This. This was messed up.
Fun fact for people at home who care: I suffered a lot from night terrors and anxiety as a child. Probably from the ages of 9 to 12, sleep was a difficult and hard fought battle for me. I would be awake way past bed time, often getting out of bed and running laps in the living room to try and exhaust myself so I could sleep, because God knows my brain wouldn’t let me otherwise. My parents, despite their best efforts, couldn’t really understand and eventually gave up on trying to quiet my mind. In today’s day and age, I probably would have been prescribed something, but, as this was the early 90s, I got a healthy dose of “no more TV before bed!” Which solved nothing, but whatever, that was then and every parent makes mistakes. The point is, some children, no matter what you tell them, no matter what becomes them in the daytime, can be petrified of the dark and being alone, and, thankfully, they usually have no good reason. Scott Cawthon decided that “no good reason” wasn’t an appropriate setting, and “many very, very good reasons” was the right tone for terrorising children. We finally leave the security office and head to the source of this game’s pain and suffering with the fourth instalment of Five Nights at Freddy’s.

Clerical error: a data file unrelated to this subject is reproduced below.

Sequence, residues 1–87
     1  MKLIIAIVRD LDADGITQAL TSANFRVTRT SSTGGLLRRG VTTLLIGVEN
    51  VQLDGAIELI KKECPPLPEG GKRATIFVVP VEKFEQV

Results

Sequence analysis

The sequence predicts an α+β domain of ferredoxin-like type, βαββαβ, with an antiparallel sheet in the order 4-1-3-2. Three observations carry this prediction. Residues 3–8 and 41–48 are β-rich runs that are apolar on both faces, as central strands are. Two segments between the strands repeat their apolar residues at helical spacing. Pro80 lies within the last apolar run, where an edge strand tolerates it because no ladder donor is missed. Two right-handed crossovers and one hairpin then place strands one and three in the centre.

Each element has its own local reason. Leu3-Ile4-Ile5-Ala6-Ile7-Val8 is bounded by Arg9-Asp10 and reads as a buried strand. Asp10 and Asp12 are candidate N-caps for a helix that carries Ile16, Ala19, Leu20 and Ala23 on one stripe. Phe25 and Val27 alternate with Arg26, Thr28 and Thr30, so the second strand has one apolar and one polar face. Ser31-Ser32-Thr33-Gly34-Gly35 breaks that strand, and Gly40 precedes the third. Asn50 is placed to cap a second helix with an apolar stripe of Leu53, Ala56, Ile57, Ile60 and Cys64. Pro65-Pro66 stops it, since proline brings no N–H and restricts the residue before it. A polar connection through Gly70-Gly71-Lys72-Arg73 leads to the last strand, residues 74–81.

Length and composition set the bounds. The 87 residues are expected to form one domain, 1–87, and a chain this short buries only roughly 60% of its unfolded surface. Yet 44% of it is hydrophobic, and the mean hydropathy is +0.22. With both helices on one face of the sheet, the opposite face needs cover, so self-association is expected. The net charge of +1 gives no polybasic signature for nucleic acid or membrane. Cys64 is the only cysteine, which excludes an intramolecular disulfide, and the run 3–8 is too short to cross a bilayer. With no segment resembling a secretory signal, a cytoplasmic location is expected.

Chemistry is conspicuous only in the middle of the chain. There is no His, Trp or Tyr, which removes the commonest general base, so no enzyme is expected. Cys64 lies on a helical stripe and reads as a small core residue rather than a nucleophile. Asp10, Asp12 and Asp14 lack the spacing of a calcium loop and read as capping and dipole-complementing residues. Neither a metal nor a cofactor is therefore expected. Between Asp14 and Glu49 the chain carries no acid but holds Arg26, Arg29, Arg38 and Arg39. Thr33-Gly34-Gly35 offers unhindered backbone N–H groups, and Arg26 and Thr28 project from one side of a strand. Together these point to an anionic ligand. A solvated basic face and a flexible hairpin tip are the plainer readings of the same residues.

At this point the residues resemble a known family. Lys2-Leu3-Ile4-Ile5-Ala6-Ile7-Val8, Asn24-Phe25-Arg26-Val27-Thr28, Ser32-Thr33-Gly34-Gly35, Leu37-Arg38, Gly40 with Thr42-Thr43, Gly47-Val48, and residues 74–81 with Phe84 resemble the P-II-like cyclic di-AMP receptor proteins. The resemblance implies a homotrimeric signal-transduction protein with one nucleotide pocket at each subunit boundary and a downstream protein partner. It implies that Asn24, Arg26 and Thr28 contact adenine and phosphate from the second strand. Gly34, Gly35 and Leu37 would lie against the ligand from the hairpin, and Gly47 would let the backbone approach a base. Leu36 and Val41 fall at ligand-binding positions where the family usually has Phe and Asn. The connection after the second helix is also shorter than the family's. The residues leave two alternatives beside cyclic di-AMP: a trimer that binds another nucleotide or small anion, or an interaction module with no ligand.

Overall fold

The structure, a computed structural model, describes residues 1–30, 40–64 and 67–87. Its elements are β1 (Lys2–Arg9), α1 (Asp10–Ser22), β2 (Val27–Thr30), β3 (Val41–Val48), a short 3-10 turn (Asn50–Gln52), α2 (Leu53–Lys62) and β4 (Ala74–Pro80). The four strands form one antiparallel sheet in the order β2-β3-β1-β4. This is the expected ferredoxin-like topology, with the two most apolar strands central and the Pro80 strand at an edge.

To help give you an idea of things, you may have noticed the previous three games took place in and around the Fazbear legacy, but in different ways. The timeline officially goes 2nd, 1st, 3rd. This game, Five Nights at Freddy’s 4, is a prequel to the 2nd game, which, chronologically, makes it the very first game in the series. Confusing, but it gets worse. This game has nothing to do with the security guard. This time, it’s a scared, bullied and neglected child who is living their worst life with awful interactions by day and legitimate monsters in the dark. Everything about your life that you glean from these moments lead up to your death (spoiler, I guess?) and propelling the game forward with the vengeful spirit of children that make up the animatronic monstrosities of the other games. As you’ll see, the mascots of Fazbear’s make their first appearance here, as both stuffed animals and very real demons that are hellbent on destroying a young child (which I think was a boy) who is already being destroyed by day.